(To be fair, the Labour manifesto seems pretty unequivocal too, I was kind of worried the Terf brigade had got to them for a while.)
posted by pharm at 1:27 AM on December 5, 2019


Warning on that link for twitter being a complete cesspool of transphobes.
posted by Dysk at 1:37 AM on December 5, 2019 [3 favorites]


Yeah. Sorry about that :( Wasn’t sure whether the mention the replies or not.
posted by pharm at 1:42 AM on December 5, 2019


Good on the Lib Dems though. That's definitely more comprehensive than the Labour manifesto - GRA reforms (explicitly to remove the problematic aspects, since on its own, "GRA reform" could mean giving the TERFs what they want) and recognising non-binary identities (including the X option for passports). The bit about schools is pretty important too, and something that's often not the focus of a lot of activism.
posted by Dysk at 1:54 AM on December 5, 2019 [1 favorite]


Compare with Labour making an effort to appease TERFs while also promising some (more limited) GRA reforms. They've since doubled down on their TERF-friendly position.
posted by Dysk at 1:58 AM on December 5, 2019


Yeah, the Terfs inside Labour are clearly working to roll back the manifesto commitments :(
posted by pharm at 2:10 AM on December 5, 2019


Cassetteboy vs Boris Johnson
posted by rory at 5:11 AM on December 5, 2019 [9 favorites]


7 Days.....

Autonomy.work rates each party manifesto on workplace and industrial strategy

New Labour Video Ad

England’s Tightest Marginal: Southampton

'Honk': Creators of Untitled Goose Game urge fans to vote Labour
posted by The Whelk at 7:15 AM on December 5, 2019 [2 favorites]


Hi, sorry, I know we seem a bit touchy but right now my Twitter feed and my Facebook feed are both basically choc-a-bloc with WHY YOU MUST BACK JEREMY AND IF YOU DON'T YOU'RE A MONSTER TORY TRAITOR posts and I, for one, being a bit ambivalent at best am getting quite ground down by it and to be honest at this point we don't really need your help. Thanks.
posted by Grangousier at 7:41 AM on December 5, 2019 [4 favorites]




> Here's my Vote for policies result.

The overall results are interesting. I know it's self selecting for people who care about policies, but still.
posted by lucidium at 11:57 AM on December 5, 2019 [1 favorite]


Thanks, The Whelk, for that really interesting link about Southampton Itchen.
posted by paduasoy at 4:56 PM on December 5, 2019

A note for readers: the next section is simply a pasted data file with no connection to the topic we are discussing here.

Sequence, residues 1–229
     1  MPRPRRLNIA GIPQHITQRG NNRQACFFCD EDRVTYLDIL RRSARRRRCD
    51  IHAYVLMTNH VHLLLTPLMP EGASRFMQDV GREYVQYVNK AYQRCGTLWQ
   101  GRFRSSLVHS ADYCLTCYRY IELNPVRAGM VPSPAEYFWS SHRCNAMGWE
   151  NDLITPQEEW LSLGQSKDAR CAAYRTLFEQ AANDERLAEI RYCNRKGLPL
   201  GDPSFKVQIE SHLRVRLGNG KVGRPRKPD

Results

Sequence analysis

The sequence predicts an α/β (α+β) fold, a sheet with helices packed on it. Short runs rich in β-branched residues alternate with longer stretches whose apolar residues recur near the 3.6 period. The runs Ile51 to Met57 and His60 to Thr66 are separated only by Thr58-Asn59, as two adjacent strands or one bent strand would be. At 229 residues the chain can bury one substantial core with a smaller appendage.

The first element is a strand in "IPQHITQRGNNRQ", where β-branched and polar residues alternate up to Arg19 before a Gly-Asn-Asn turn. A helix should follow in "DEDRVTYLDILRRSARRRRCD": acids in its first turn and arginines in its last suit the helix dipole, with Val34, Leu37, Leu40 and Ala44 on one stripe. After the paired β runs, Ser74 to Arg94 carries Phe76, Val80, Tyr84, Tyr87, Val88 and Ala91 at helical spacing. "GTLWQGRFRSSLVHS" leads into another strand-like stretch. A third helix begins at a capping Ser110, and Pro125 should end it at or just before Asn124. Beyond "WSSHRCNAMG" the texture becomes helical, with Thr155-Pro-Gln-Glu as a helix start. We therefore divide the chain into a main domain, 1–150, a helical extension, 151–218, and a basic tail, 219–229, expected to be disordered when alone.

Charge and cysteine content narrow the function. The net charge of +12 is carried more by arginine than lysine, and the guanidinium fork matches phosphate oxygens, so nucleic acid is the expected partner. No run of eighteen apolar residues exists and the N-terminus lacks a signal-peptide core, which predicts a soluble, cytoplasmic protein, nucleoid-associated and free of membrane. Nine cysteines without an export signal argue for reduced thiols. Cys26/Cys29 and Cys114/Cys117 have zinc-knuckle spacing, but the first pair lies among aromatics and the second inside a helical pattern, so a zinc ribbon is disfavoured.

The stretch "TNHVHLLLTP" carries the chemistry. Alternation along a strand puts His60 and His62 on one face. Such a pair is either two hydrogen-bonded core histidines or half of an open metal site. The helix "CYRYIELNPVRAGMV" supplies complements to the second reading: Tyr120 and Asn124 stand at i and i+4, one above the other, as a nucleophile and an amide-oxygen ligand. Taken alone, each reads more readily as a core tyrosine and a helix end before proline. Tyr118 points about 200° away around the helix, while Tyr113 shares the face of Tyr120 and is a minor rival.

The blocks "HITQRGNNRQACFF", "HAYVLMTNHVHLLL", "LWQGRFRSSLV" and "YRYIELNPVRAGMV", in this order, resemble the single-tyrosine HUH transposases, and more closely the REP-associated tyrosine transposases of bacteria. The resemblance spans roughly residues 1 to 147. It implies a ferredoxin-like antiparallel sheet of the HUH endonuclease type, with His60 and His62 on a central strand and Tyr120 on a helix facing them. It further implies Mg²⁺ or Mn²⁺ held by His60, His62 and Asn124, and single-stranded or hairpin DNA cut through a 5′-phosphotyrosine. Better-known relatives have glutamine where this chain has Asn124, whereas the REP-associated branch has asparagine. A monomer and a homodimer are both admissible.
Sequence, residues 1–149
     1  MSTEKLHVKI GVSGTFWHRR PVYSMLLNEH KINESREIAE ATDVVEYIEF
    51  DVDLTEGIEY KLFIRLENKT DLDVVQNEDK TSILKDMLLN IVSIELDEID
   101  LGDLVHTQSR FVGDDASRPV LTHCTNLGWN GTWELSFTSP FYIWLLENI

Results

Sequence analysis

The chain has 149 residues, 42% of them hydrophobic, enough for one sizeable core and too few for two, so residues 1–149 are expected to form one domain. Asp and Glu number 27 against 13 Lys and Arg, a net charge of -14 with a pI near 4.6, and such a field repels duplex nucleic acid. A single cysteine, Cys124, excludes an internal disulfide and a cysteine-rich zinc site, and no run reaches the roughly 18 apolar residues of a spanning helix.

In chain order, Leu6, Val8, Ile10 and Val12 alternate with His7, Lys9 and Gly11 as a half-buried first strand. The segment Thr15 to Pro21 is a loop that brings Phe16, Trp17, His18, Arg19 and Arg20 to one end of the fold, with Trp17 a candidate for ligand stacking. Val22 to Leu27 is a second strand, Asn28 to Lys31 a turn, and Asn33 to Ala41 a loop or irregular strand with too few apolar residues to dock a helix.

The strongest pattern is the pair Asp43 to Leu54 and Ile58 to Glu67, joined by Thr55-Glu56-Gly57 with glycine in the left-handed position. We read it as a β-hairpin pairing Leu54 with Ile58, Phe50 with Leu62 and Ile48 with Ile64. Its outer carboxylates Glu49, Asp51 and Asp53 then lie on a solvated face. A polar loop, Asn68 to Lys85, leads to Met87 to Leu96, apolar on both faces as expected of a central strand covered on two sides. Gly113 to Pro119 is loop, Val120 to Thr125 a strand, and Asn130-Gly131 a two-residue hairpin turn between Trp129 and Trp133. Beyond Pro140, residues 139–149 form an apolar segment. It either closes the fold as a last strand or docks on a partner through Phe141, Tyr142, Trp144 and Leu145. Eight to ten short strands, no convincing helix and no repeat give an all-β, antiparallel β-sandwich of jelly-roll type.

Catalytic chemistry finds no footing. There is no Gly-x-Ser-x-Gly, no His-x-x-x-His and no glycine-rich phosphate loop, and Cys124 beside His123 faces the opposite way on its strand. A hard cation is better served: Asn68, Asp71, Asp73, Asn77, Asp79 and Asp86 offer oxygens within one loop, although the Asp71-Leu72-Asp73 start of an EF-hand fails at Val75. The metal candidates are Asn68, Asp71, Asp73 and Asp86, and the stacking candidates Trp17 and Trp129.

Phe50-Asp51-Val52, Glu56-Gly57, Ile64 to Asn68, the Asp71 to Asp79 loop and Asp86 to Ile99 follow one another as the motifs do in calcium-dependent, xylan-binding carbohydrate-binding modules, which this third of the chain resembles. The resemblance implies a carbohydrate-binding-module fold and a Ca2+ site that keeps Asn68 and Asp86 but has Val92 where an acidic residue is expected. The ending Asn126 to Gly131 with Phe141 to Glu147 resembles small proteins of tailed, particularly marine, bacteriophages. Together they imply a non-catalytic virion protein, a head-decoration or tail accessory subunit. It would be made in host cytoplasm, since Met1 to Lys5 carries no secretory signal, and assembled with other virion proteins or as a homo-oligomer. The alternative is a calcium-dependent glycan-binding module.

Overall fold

Jo Maugham articulates perfectly why I, a Stroud voter, just voted Green in a Tory/Lab marginal. I refuse to prop up the two-party system and wish others would do the same.
posted by vacapinta at 12:13 AM on December 6, 2019 [3 favorites]


vacapinta I’m with you. As Maugham says “I care not about the views of those who think they can hate their way to a better world.”
posted by dudleian at 12:24 AM on December 6, 2019


Work for the better World. But live in the one you're in.
posted by aleph at 1:25 AM on December 6, 2019


I wanted to vote Labour, but last night I agreed to a vote swap with a colleague: I'm voting Lib Dem in my constitutuency, he's a Lib Dem voter who's voting Labour in his.

Everyone's entitled to vote how they want.

But we're both non-white people living in the UK, and are actually going to suffer from a fanatically extremist Tory party forming a majority government in the UK, so we're going against our ideal preferences.
posted by TheophileEscargot at 1:39 AM on December 6, 2019 [11 favorites]


Sadly FPTP forces that choice on most of us TheophileEscargot :(

Meanwhile Johnson has confirmed that he will not be interviewed by Andrew Neil. Will Corbyn bring it up tonight? I’d hope so - it’s an open goal surely?
posted by pharm at 3:07 AM on December 6, 2019 [1 favorite]


HAHAHAHAHAH
posted by lalochezia at 12:15 PM on December 6, 2019 [1 favorite]


Made the mistake of watching the leader's debate on the BBC just now. I'd forgotten just how frustrating it is. Answer the damn question, both of you! Gnnn...
posted by Dysk at 1:31 PM on December 6, 2019 [1 favorite]


Yeah, watched it too. I think Corbyn was better about not just auto-pivoting to three-word soundbites, but in any case the whole palaver has given me even more of a sinking feeling.

"Well, um, y'know..." is going to win this election for a worthless, untrustworthy individual who won't dare articulate or advance his positions, but will claim to hold a 5+ year mandate for the horrors to come.
posted by I'm always feeling, Blue at 1:39 PM on December 6, 2019 [2 favorites]


Interesting that the debate set appears to have been a TARDIS interior rejected by the sixth doctor for being too garish.
posted by thatwhichfalls at 9:04 PM on December 6, 2019 [1 favorite]


British diplomat in US resigns, saying she can't 'peddle half-truths' on Brexit